Unlike many forces in our lives that feel or are beyond our control—from genetics to health care access to pollution—food consumption is often depicted as a place where we can directly apply our willpower and agency to affect our health. It is unsurprising then that food and diet decisions are the focus of a substantial amount of popular attention—from blogs and news stories to recipes and TV shows—with an emphasis placed on the agency and choices of individuals. Among these sources, messages surrounding what constitutes a healthy diet vary. However, it has largely been established that a diet based in a high proportion of fresh fruits and vegetables is associated with more positive health outcomes, while the “Western” style diet rooted in sugars, animal fats, and processed foods is a way for food consumption to translate into lower health outcomes. While dietary advice varies substantially around this simplified scheme, many pieces of advice one observes for choices of food consumption emphasize the importance of eating fresh fruits and vegetables.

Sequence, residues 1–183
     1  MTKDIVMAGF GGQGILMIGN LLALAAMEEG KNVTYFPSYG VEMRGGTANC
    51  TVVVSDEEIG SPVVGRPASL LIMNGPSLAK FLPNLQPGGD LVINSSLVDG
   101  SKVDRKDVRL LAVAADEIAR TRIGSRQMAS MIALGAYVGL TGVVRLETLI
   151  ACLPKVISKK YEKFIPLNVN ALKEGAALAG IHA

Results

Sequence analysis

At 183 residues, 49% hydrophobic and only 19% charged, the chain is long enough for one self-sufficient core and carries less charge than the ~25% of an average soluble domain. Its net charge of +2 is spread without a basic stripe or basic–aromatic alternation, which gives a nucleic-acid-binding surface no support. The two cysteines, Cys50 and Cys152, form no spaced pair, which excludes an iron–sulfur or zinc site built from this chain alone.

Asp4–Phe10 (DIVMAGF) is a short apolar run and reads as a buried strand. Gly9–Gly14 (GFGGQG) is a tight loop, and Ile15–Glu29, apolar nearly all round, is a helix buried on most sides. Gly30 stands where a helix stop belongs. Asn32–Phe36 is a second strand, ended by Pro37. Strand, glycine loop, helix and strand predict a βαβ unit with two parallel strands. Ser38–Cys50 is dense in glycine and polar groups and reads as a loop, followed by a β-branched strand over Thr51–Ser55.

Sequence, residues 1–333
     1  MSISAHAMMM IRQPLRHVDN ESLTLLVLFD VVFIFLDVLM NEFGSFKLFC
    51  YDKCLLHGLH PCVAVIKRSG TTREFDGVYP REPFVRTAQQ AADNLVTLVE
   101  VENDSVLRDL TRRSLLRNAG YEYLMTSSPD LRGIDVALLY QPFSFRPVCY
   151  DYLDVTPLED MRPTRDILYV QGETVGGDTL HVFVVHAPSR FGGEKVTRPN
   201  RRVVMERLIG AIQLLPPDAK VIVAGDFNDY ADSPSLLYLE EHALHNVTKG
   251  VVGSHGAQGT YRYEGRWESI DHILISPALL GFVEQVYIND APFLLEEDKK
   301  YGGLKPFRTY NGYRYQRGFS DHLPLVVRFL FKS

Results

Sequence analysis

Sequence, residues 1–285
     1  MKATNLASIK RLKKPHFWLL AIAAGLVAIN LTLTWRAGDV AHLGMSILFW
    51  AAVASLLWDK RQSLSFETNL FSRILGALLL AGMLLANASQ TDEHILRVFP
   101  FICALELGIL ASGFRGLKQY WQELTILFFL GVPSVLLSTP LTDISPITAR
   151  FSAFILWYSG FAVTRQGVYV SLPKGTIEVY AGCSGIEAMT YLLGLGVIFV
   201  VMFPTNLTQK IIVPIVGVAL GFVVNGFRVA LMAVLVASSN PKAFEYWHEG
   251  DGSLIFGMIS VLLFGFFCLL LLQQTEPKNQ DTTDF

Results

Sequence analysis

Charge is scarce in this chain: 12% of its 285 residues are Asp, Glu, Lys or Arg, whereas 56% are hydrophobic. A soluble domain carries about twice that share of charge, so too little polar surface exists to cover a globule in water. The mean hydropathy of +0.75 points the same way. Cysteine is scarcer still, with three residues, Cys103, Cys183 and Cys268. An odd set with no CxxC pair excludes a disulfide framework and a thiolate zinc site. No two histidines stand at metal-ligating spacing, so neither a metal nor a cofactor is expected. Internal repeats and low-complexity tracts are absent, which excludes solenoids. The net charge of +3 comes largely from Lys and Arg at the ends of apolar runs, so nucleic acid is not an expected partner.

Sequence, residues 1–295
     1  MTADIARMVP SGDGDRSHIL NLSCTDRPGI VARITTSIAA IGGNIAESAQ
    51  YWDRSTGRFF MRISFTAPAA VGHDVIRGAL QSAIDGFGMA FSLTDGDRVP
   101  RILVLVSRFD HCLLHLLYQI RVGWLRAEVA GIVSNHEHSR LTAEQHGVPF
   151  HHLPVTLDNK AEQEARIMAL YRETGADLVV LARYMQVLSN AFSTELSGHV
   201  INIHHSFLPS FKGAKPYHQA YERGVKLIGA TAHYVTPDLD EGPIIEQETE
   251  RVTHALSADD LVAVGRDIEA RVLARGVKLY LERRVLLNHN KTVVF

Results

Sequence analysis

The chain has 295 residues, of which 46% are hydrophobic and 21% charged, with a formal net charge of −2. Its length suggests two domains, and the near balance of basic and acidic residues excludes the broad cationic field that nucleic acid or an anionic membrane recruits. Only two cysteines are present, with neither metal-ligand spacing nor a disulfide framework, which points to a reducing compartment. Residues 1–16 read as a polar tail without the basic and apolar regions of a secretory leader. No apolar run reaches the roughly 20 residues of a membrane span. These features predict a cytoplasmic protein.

Food deserts are a now classic example of the popularization of this way of thinking about the complexity and structural characteristics that constrain and enable individual food consumption. This is all to say that while food consumption does involve personal agency, the decisions about what foods to eat and how are fundamentally influenced by institutions and systems beyond one’s immediate control.
Population Health, Population Food, and Global Food Systems